Salt is a product whose consumption we should monitor. The belief in the health benefits of sea salt is probably associated with the fact that it contains valuable elements. However, their quantity is trace. We should not overlook the fact that it might have microplastic. Specialists emphasize that excessive sodium consumption can lead to many health consequences [9]. Therefore, instead of wondering which type of salt is healthier, we should aim for optimal consumption of this product. The reference values developed by EFSA are 5 grams per day (one teaspoon). Remember that in addition to the salt added during meal preparation, we also consume salt added during the production of many food products.


  1. Tomassi-Morawiec Hanna, Czapowski Grzegorz, 2012, Sól nasza powszednia. Magazyn Polskiej Akademii Nauk 1(29).
  2. Megan N. Biango-Daniels, Kathie T.Hodge, 2018, Sea salts as a potential source of food spoilage fungi. Food Microbiology 69, strona 89-95.
  3. Eui-Seong Park, Ting Yu, Kiho Yang, Shinil Choi, Seung-Min Lee, Kun-Young Park, 2020, Cube natural sea salt ameliorates obesity in high fat diet- induced obese mice and 3T3-L1 adipocytes. Scientific Reports 10, strona 1-16.
  4. Maria E. Iniguez, Juan A. Conesa, Andreas Fullana, 2017, Microplastics in Spanish table salt. Scientific Reports 7, strona 1-7.
  5. Anna Stephanie Mengga Dapa Taka, Christina Olly Lada, Anita Lidesna, Shinta Amat, 2023, Differences in microplastic content in commercial salt and salt at the Semiringkai coastal local center in Kupang City and Kupang regency. Indian Journal of Community Medicine 48, strona 238-240.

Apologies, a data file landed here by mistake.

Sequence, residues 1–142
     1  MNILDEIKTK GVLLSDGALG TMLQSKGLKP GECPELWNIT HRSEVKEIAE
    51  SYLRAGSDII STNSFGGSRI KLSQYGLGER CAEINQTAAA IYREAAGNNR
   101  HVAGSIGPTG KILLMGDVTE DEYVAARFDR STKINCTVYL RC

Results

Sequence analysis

6. Pobrane z: Anna Wojtasik, Sól himalajska czy morska- która jest zdrowsza?
  7. Bog-Hieu Lee, Ae-Ri Yang, Mi Young Kim, Sara McCurdy, William A. Boisvert, 2016, Natural sea salt consumption confers protection against hypertension and kidney damage in Dahl salt- sensitive rats. Food&Nutrition research 61.
  8. Saoraya Chanmuang, Bo-Min Kim, Su-Yeon Gu, Ye- Jin Son, Huong-Giang Le, Young- Do Nam, Eun-Ji Song, Kyung-Sik Ham, Hyun-Jin Kim, 2022, Effects of sea salt intake on metabolites, steroid hormones and gut microbiota in rats. Plos One 17(8). 
  9. Normy żywienia dla populacji Polski i ich zastosowanie, pod redakcją Mirosława Jarosza, Ewy Rychlik, Katarzyny Stoś, Jadwigi Charzewskiej, 2020.
  10. WHO, Guideline: Sodium intake for adults and children, 2012. 
  11. Bajkiewicz-Grabowska, E., Mikulski, Z., 2008, Hydrologia Ogólna. Warszawa. Wydawnictwo Naukowe PWN. strona 260-262.